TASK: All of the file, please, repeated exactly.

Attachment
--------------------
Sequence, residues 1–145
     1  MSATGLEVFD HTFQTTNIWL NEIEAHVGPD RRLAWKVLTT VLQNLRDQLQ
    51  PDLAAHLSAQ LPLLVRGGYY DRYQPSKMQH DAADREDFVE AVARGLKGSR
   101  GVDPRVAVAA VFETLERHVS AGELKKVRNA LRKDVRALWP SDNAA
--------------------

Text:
Sequence, residues 1–145
     1  MSATGLEVFD HTFQTTNIWL NEIEAHVGPD RRLAWKVLTT VLQNLRDQLQ
    51  PDLAAHLSAQ LPLLVRGGYY DRYQPSKMQH DAADREDFVE AVARGLKGSR
   101  GVDPRVAVAA VFETLERHVS AGELKKVRNA LRKDVRALWP SDNAA